I’ve written about various social media related topics, most of which relate specifically to the role that social media networks can play in building your author platform online.
The problem with these type of posts is that they soon become out of date, and will never be entirely evergreen, by their very nature. Social media is constantly moving and evolving. Because of this, I’ve been feeling that an update might be beneficial. I’ll mainly discuss changes regarding my personal approach to social media, in this particular post.
Firstly, Flickr – not a site I’ve previously discussed, on this blog.
I used to be extremely active on Flickr, but haven’t been able to access my original account for some time. Last year, I did set up a new account, but didn’t do much with it. I’ve recently added more images, and hope to post more consistently on the site, in the future – but time will tell. And I also now have a Pinterest board, exclusively for my Flickr images.
I have joined the various groups I set up originally, although I no longer have admin status on those groups.
Or, more accurately, I have the status, but not on the account I’m actually able to access. I did also set up a new group, called Colourful Chaos, but haven’t done much with it as yet, and not sure whether I will or not. Many of my original groups are actually still active, which is encouraging.
Now, moving on from Flickr: Instagram.
I actually adjusted the part about Instagram, in my Social Media for Writers post, to reflect that I am now using this platform. Somehow, I don’t feel comfortable with tweaking posts in this way, however – even though I have heard many bloggers advise doing so. To me, it would become endless, as many things do alter, over time. I prefer to say what I say, and then update the information via future posts. I just find that less confusing.
Yes, it’s true. I’m finally using Instagram, and loving it.
My main problem has always been the practical side, and particularly the issue of Instagram cropping photos.
Anything taken on a DSLR or creative compact ideally needs to be resized, but right now, I’m working around these factors, in my own way – which is kind of what I do. My quotes, poems and other text images – such as, the one above – are actually created on the Paint package on my laptop, and any borders or colour filters are, in general, added later, on Google Photos, which I use on my Hudl 2. So, basically, the practical issues always made Instagram stressful for me, but I’m working around them right now, because the positive aspects make it worth the extra effort. The community is amazing.
Hashtags are where it’s at on Instagram, and I’m in the process of discovering the best ones to use.
You can use up to 30 per post and, having watched many You Tube videos, and read blog posts, on the subject, I have to say that there’s no clear answer, as to how many you should be ideally use. I’ve heard 5 to 7. I’ve also frequently heard that not to use all 30 is to miss out. And I’ve heard pretty much everything in between. So, I’m experimenting, and learning as I go.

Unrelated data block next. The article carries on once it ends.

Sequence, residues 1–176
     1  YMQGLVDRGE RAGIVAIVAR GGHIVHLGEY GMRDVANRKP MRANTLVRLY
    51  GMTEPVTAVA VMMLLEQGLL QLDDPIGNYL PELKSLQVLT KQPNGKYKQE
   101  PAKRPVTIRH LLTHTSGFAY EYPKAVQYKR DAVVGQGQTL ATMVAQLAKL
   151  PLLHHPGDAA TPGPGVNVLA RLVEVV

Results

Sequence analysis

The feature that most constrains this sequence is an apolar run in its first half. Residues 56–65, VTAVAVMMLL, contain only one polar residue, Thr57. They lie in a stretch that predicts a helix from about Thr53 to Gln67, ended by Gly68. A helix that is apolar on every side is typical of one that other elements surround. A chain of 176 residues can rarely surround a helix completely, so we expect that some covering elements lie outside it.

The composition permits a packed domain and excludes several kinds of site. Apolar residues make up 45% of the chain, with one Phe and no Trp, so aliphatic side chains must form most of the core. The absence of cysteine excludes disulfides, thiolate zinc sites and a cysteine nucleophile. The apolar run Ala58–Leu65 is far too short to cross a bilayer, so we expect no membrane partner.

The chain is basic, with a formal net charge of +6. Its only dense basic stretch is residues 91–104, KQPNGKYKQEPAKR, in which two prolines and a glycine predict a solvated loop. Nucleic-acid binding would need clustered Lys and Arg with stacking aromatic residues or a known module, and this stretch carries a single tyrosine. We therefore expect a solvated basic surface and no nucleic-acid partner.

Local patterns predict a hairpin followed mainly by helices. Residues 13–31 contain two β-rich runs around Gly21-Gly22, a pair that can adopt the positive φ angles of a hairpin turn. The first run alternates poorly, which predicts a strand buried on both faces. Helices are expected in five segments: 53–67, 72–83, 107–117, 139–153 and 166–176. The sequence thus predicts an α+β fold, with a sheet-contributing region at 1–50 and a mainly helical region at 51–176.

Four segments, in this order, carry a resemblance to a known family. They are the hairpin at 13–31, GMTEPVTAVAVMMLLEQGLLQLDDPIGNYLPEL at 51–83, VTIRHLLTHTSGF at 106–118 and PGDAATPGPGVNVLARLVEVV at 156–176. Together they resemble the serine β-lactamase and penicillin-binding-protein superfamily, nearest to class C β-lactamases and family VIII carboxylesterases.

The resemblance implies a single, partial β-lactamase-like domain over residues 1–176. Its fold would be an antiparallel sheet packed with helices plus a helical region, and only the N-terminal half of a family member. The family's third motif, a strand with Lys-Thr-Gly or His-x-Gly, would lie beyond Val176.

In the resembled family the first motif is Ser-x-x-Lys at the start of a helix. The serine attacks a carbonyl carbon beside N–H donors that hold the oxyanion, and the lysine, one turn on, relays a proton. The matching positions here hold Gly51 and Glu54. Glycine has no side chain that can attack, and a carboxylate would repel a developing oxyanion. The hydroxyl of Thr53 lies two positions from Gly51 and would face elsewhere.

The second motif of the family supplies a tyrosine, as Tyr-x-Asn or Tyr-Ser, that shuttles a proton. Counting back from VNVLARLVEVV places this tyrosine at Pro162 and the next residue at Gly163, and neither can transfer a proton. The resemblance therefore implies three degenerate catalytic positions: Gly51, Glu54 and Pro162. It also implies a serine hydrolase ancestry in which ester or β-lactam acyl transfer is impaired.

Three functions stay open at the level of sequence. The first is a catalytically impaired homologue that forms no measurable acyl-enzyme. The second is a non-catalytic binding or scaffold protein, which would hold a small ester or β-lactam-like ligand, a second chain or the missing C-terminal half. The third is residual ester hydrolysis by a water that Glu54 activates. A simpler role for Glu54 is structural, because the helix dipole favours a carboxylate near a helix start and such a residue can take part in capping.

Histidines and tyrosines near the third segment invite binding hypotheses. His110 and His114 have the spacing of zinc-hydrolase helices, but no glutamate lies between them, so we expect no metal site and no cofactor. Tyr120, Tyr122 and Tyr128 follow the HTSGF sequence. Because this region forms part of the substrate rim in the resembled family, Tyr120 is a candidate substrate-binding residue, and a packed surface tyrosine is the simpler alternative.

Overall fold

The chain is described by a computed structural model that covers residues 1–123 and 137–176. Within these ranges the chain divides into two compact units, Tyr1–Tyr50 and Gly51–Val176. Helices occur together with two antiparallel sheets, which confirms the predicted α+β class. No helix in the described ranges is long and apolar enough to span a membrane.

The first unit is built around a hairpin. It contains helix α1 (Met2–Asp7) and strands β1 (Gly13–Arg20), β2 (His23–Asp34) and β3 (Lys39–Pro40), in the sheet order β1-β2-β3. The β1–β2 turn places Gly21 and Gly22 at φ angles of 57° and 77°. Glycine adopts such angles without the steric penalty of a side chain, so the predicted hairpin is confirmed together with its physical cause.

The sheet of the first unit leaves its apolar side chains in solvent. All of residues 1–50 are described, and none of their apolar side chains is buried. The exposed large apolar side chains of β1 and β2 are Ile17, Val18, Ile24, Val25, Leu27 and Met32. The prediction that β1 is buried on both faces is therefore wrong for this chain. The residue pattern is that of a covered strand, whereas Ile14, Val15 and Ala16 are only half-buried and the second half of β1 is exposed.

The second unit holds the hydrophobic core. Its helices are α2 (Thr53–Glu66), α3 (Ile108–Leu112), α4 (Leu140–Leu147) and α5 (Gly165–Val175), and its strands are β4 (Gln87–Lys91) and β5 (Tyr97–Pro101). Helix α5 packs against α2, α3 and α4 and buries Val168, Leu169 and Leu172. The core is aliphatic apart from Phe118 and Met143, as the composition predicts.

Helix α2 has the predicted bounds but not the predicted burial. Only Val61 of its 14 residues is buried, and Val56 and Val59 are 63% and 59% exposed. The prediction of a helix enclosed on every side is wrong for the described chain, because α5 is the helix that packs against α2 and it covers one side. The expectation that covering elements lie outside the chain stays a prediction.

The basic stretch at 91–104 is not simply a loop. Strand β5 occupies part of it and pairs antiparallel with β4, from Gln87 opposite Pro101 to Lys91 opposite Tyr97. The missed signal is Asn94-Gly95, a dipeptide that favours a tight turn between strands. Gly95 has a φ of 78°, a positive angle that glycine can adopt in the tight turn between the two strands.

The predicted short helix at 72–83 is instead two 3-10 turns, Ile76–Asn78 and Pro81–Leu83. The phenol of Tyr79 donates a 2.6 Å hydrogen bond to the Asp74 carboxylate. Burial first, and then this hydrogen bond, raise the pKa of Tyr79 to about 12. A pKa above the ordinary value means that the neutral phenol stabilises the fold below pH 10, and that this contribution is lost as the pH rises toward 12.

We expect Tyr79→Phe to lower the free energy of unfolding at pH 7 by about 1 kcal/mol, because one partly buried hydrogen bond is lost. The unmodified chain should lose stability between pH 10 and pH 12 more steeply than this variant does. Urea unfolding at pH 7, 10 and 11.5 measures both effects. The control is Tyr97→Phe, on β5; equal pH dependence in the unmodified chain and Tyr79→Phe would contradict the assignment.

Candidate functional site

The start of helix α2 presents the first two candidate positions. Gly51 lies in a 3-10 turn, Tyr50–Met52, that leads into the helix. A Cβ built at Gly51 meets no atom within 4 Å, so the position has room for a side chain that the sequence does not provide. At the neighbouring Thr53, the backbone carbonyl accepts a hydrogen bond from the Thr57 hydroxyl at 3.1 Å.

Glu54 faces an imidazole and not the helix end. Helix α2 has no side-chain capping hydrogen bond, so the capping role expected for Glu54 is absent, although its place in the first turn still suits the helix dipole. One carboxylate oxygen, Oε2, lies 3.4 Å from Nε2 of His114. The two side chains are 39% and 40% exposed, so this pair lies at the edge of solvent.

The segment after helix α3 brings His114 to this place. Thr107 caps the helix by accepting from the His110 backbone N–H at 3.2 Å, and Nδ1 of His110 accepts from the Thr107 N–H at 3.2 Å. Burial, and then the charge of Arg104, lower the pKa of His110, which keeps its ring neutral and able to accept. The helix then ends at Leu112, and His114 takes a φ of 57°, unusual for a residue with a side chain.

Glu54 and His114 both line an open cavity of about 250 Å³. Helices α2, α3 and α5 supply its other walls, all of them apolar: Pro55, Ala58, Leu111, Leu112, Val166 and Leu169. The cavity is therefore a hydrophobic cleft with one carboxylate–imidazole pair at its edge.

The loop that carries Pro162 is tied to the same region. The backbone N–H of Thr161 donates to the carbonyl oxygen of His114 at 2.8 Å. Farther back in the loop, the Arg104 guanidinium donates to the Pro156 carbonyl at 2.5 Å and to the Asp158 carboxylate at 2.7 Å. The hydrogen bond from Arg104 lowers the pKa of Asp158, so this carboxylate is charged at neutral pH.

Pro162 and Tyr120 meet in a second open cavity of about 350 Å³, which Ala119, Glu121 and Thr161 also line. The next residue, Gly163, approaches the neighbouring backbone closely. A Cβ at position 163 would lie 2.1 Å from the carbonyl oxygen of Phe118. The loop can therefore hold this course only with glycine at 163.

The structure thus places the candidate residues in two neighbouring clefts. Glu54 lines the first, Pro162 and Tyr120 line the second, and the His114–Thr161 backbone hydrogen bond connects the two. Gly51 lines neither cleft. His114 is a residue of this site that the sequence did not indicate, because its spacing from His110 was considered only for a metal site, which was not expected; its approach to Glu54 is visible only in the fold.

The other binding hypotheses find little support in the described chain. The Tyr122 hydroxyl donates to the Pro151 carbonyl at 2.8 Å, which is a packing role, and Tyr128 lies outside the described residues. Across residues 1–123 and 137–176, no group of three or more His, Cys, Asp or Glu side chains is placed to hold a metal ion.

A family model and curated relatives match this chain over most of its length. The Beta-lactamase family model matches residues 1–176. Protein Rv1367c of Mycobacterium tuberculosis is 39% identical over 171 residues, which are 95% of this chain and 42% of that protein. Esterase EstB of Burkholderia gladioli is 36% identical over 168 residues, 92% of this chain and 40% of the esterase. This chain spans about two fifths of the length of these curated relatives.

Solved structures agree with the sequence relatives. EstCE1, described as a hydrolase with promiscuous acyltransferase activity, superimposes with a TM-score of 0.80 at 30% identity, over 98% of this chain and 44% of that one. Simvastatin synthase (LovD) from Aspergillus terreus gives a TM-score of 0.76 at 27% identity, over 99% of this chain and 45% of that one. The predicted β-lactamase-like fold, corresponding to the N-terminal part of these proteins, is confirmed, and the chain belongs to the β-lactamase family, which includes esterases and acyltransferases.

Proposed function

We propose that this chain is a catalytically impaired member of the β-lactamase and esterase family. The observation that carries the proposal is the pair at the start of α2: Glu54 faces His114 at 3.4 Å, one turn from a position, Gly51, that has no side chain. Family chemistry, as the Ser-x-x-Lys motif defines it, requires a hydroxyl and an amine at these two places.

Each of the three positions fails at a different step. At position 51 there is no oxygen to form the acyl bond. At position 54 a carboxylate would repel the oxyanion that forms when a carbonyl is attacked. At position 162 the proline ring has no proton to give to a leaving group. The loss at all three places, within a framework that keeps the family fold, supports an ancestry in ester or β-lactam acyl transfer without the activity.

And, as with Pinterest, I’m not using any scheduling whatsoever for Instagram.
I post in real time, and that’s it, pretty much. I find consistency difficult, to be honest – but I also kind of like it, in some respects.
Now, on the subject of scheduling – having reread my post on how I schedule for social media, and the part 2 of this, I realised that I don’t schedule quite as much as I used to.
Buffer has made some changes, and I find it more difficult to use. I only occasionally use Buffer and Social Oomph nowadays.
I use Twittimer daily, and almost all of my Tweets now go through this app. It works for me.
Now that I hardly use Buffer, I post less frequently on Google Plus – which, honestly, really does seem dead, of late. And less on Facebook. More thoughts to come about Facebook.
In my social media scheduling post, I mentioned the Tumblr queues.
I still use the Tumblr queueing system, but am constantly varying the frequency settings on there, for different reasons.
I’m not currently treating it as a priority. I update my pages, as and when, either in real time, or by scheduling a post or two, via Facebook’s native scheduler. My group, Writing Forever, needs more time and energy than I’m currently prepared or able to give it. Music Forever, similar – but I’m lucky enough to have a few members who post, and that keeps it going, at a low level.
Twitter remains my main social network, and I love the community on there.
That said, I’ve been feeling that I need to vary posts more, and take things to the next level somehow. I did say, in my Twitter for Writers post, that I only use 2 hashtags on my posts now. In fact, I’ve recently experimented with using 3-4 on some posts, having noticed a trend towards using slightly more tags. I’ll probably return to 2 per post though, as it’s what I’m generally more comfortable with.
I’m not updating my 80s/90s Music Twitter page much at all. As with many other aspects of my social media, this is something that I’ve not made a priority.
In my Social Media for Writers post, when I listed the sites that didn’t use, and couldn’t advise on, I mentioned Reddit.
I don’t use Reddit, but I do have an account, and there’s a possibility that I will explore this site, in the future – but no immediate plans to do so.
So that’s my “all over the place” summary of where I’m at right now, in terms of my social media. See also: Facebook Pages, Facebook Groups and Twitter: Going Into 2018 and Facebook Changes, Pinterest and All Things Social Media. And I’ve also written a post, giving my opinions about secret Facebook groups.